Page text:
Bear sightings continue to be reported - at Sky Camp, Tomales Bay State Park, and also above Bear Valley Road in the past two weeks. The bear has been noted at garbage cans/compost heaps.

As the July 4th weekend approaches, a reminder that fireworks are not permitted in Marin County or any National Seashore areas. National park beaches close at midnight, Tomales Bay State Park closes at 8:00 pm. Both the national park backpack camps and Samuel P. Taylor are fully booked for Friday and Saturday, July 4th and 5th. Park visitor centers are all open on Friday, July 4th - Bear Valley will be on weekend/holiday time of 8:00 am to 5:00 pm.

Upcoming Events:

The historic Marconi radio transmitter site will be open to the public July 1st from 9:00 am - 3:00 pm and operators will be transmitting over the air in Morse Code. It is located at 17000 Sir Francis Drake Boulevard (park sign states 'North District Operations') Check website http://www.radiomarine.org or telephone 669-2004.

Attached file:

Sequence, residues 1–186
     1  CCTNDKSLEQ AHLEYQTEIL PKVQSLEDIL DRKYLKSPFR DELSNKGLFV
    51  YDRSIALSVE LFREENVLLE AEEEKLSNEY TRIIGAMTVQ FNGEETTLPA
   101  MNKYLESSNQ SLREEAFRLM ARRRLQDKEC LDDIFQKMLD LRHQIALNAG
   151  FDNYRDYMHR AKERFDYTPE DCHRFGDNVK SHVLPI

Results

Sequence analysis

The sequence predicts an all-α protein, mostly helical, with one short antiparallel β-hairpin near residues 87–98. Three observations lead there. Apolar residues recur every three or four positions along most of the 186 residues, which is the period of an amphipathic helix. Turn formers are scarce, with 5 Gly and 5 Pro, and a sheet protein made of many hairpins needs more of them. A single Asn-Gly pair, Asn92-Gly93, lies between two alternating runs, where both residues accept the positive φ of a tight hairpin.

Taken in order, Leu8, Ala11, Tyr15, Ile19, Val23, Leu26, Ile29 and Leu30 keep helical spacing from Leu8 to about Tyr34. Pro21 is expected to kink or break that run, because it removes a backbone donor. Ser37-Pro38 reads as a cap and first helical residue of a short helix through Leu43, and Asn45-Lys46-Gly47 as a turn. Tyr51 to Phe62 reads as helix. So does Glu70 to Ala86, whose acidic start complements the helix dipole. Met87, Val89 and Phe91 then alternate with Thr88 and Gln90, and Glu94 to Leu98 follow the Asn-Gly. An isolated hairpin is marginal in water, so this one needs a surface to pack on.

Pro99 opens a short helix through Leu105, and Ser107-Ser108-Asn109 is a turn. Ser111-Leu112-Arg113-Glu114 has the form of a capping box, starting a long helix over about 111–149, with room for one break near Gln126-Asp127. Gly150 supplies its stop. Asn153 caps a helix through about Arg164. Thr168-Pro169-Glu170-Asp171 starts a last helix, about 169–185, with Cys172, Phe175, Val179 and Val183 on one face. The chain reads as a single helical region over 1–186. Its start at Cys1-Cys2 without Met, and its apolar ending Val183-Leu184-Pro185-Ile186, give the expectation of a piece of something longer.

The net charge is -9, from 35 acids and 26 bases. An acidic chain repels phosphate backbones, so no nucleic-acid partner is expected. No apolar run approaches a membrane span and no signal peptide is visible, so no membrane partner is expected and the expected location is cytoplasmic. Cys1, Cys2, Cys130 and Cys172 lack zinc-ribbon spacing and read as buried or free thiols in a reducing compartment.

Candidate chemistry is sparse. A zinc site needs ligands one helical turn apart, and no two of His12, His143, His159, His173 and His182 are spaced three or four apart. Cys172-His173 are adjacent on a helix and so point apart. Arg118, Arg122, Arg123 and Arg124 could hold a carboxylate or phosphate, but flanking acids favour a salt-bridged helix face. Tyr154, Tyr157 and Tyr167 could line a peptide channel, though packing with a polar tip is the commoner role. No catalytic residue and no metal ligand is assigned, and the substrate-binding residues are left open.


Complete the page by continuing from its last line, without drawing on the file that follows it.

Interpretive Programs:

Saturdays 2:00 pm - Earthquake Walk: Meet at the Bear Valley Visitor Center for a 1/2 mile hike on the paved trail.

Sundays 2:00 pm - Kule Loklo Walk: Meet at Bear Valley Visitor Center for a one mile walk to the replica native American village.

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June 10, 2003

Naturalists Notebook - A summer full moon on Saturday, June 14th rising at 9:25 pm and full at 4:16 am. Low tides for early morning tidepooling accompany the moon: -1.9 feet at 6:29 am on Sunday and -1.8 feet at 7:18 am on Monday.

The summer solstice arrives next Saturday, June 21st at 12:11 pm. Stargazing may be hampered by typical summer low fogs, but Chimney Rock parking lot, Tomales Bay, and Drakes Beach provide views.